Two Frenchmen quit the rat race for a life-changing global trek
Around the world in six interesting years.
If you happen to see two backpack-toting white men doing some serious walking, chances are they are the globe-trotting French guys who have been walking for the past six years in a journey of a lifetime through many countries that has now brought them to Malaysia.
Killian Blais, 30, and Thierry Montaner, 37, were complete strangers who first set out on this adventure not knowing what to expect – except for their shared idea of a world walk. They are not the first people to embark on such an epic journey. But to walk – and stick together over the past six years through thick and thin – is quite a sensational feat in itself.
It’s been 16 countries and counting, through a host of cities and countless streets since they took off from the town of Valence, France, in mid-2008. Among countries they have set foot in are Italy, Croatia, Serbia, Greece, Turkey, Azerbaijan, China, Vietnam, and Thailand.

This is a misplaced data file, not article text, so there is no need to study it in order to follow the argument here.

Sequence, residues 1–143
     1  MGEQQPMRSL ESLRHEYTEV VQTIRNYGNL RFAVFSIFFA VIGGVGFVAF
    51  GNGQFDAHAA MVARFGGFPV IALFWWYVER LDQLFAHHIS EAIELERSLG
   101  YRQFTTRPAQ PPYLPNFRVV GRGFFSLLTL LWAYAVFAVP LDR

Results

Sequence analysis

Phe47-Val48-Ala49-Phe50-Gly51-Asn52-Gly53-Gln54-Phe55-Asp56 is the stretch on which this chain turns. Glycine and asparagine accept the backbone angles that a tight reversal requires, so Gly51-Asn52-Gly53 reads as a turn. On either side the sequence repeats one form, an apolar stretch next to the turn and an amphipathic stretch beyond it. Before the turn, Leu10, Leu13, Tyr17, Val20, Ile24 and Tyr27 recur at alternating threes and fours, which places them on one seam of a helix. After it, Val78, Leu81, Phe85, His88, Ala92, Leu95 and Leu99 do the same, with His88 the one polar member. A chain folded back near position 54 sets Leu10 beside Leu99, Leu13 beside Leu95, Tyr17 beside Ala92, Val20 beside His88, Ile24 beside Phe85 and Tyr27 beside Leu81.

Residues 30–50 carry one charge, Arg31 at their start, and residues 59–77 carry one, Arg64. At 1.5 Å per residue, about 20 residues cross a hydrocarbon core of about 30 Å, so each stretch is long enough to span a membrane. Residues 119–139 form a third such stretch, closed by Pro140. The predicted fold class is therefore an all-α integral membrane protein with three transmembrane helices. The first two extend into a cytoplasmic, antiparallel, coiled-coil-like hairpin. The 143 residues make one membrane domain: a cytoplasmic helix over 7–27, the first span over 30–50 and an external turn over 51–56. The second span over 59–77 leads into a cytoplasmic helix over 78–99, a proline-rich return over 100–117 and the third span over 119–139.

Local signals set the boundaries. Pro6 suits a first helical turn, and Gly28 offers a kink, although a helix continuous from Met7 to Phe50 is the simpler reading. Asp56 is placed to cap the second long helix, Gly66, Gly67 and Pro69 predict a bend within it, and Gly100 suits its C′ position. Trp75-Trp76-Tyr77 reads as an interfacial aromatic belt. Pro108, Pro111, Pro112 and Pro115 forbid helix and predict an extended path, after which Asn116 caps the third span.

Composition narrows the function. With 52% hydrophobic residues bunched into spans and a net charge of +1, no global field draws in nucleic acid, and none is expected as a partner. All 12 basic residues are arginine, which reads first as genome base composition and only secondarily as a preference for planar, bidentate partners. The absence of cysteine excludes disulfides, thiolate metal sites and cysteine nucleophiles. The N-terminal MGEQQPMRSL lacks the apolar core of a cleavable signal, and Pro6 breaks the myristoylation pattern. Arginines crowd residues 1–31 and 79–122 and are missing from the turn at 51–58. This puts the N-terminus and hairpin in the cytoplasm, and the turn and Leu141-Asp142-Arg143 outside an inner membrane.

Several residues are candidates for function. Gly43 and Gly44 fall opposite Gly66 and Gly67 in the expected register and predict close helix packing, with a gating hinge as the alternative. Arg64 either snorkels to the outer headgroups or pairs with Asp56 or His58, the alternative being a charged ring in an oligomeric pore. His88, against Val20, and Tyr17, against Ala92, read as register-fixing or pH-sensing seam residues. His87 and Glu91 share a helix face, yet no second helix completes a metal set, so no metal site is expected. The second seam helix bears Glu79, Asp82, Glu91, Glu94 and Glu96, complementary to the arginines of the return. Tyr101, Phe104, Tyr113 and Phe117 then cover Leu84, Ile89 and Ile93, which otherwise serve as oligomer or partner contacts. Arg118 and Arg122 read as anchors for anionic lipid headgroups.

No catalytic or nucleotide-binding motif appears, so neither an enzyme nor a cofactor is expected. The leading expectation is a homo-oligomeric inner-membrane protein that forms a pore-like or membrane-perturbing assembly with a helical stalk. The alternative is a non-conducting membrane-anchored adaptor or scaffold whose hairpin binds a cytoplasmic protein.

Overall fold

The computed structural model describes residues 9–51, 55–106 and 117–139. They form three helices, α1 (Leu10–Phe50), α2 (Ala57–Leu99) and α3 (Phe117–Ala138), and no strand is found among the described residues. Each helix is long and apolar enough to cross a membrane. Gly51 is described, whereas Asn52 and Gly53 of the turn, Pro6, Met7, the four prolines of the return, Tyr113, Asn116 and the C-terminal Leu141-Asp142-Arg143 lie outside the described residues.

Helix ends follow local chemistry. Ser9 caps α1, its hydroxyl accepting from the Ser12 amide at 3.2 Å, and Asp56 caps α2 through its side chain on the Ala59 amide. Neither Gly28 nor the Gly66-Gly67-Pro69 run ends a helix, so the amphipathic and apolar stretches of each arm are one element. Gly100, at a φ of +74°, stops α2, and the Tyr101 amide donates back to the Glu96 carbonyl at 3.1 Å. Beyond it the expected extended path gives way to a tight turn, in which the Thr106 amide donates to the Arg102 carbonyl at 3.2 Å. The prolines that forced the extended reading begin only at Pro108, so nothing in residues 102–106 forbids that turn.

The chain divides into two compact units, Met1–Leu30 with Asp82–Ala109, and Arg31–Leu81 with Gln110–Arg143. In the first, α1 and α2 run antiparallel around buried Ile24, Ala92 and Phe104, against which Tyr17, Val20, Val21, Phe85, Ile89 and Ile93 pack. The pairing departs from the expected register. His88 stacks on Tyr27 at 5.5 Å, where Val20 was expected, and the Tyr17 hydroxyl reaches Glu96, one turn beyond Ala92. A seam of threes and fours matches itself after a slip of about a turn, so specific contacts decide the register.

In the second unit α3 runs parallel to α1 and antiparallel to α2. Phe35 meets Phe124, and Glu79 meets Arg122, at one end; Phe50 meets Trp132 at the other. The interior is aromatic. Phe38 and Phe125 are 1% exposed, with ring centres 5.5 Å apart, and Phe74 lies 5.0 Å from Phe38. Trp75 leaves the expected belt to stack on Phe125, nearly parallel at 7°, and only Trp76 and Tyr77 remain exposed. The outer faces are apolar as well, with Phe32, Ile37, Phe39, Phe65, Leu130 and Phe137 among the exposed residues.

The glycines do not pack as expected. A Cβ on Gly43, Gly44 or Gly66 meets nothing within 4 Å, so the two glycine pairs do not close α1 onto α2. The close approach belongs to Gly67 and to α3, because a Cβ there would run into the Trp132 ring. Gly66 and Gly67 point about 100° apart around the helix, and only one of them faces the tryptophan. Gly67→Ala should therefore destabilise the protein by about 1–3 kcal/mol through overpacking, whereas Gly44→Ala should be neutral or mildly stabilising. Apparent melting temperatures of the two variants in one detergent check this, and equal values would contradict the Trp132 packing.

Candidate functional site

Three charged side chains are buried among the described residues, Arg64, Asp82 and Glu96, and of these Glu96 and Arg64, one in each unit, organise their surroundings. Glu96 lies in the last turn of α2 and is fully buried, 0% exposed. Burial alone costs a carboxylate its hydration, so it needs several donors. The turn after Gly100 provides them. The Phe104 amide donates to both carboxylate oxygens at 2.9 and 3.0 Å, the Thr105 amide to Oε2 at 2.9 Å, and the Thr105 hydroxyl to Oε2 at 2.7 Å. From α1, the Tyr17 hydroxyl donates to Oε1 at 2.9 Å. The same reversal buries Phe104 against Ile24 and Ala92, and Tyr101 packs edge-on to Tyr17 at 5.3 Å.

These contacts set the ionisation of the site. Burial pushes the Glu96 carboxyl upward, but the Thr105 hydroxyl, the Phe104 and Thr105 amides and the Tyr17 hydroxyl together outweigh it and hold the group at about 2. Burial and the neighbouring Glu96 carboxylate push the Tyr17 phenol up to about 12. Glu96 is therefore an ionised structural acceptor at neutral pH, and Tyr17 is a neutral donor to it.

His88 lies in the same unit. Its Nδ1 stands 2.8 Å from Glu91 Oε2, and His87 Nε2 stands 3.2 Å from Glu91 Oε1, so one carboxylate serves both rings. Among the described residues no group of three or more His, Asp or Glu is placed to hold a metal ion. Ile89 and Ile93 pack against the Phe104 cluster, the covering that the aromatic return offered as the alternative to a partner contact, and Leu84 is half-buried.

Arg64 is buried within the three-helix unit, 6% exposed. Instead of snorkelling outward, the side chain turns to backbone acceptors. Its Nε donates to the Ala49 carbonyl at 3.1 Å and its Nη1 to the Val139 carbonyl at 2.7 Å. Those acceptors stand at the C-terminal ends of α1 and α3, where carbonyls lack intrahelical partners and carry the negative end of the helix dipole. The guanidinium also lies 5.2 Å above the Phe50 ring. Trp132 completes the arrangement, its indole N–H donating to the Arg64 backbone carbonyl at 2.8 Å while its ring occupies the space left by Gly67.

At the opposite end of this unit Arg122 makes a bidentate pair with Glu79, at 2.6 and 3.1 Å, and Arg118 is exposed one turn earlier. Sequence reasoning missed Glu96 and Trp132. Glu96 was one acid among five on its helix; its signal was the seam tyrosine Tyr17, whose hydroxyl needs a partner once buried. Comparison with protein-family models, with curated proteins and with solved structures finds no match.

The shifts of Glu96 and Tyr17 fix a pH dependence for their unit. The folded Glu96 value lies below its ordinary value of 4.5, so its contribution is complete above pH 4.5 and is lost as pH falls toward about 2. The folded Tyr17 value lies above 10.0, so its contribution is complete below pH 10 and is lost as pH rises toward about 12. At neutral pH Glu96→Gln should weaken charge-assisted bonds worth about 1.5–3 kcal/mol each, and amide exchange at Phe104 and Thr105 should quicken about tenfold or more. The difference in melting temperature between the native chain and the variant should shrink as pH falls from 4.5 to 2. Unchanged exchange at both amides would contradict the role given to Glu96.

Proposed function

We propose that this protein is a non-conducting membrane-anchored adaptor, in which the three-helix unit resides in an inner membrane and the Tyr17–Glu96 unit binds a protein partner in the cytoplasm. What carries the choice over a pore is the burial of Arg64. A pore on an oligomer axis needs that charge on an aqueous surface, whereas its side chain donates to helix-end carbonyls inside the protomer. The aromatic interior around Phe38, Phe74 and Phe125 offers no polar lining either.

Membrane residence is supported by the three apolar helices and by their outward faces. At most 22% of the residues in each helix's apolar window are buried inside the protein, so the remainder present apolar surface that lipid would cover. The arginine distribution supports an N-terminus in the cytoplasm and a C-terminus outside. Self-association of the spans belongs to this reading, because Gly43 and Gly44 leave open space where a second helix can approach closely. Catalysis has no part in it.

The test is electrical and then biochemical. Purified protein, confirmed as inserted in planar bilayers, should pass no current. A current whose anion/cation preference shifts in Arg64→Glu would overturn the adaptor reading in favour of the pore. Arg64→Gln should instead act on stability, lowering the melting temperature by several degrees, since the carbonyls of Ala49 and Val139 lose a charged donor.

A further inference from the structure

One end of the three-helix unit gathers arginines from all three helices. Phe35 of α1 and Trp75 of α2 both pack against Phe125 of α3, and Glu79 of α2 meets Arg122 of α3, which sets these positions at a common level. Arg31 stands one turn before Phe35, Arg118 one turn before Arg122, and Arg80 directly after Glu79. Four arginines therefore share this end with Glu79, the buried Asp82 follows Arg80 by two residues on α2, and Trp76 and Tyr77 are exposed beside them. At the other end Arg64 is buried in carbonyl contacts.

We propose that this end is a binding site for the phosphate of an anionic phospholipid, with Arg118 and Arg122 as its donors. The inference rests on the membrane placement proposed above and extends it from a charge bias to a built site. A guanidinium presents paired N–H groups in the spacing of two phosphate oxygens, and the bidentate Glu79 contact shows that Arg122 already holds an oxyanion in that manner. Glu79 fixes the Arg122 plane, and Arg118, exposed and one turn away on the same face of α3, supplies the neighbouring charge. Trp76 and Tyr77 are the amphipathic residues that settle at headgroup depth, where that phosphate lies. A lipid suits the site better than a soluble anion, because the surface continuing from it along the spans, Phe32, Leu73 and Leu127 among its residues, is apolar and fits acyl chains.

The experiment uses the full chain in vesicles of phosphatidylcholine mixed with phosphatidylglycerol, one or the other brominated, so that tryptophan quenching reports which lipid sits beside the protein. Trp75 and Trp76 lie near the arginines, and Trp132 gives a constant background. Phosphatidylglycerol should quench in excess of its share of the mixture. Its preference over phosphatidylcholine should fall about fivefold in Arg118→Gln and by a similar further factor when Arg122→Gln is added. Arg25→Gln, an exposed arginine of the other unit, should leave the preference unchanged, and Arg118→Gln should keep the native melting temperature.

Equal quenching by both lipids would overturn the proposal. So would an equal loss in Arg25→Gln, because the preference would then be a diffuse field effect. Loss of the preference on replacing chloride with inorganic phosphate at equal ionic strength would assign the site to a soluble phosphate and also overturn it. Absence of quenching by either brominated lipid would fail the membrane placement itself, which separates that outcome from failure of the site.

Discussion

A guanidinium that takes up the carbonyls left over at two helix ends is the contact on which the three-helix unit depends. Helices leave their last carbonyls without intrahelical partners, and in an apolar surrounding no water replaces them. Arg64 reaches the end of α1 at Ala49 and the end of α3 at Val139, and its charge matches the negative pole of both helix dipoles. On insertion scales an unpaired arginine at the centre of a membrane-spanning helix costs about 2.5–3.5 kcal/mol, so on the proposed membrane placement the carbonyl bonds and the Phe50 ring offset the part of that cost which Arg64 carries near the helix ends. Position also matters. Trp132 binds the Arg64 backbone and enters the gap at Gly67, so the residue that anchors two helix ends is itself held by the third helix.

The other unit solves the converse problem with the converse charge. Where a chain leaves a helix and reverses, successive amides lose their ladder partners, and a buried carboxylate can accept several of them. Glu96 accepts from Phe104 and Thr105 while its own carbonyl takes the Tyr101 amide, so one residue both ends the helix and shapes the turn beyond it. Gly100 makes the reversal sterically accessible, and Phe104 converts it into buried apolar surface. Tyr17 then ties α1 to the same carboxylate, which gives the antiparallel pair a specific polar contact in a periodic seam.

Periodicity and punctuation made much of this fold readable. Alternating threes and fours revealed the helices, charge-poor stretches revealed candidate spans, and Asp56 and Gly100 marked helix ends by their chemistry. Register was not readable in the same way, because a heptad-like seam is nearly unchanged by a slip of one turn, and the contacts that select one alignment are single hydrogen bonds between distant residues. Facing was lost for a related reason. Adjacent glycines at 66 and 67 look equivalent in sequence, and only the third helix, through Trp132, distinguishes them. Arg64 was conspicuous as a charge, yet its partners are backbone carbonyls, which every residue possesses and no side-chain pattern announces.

They had originally embarked as a team of eight – six men and two women – reveals Blais in an e-mail interview.
“None of us knew each other prior to the trip; we had met online through forums and social networking. The idea (to do this walk) eventually brewed among our group, and it took us about a year to plan for the trip,” he recalls.
Romance on the road
“We determined the best route and itinerary based on factors like visas, security, climate conditions and everyone’s interests. In the few months leading up to the trip, we organised a test trek in the French Alps during winter, as the tough surroundings would enable us to learn more about each other and see who was really motivated to do the trip,” says Blais. (At the time of writing, they had passed Teluk Intan, Perak.)
He reveals that love found its way into the team, as the two women quickly formed romantic bonds with two other men. Four months into the walk, the two couples eventually headed off in their own direction via hitchhiking.
Around the same time, another guy headed back home as planned, which left them with a party of three. After the first year of travelling, another fellow decided to continue alone and is currently living in South America – that makes Blais and Montaner the two remaining members today.
“The experience from these six years of walking has been invaluable! Walking was a way for us to slow down our daily pace, in an age and society where we are always competing either to be the fastest or the first,” shares Blais.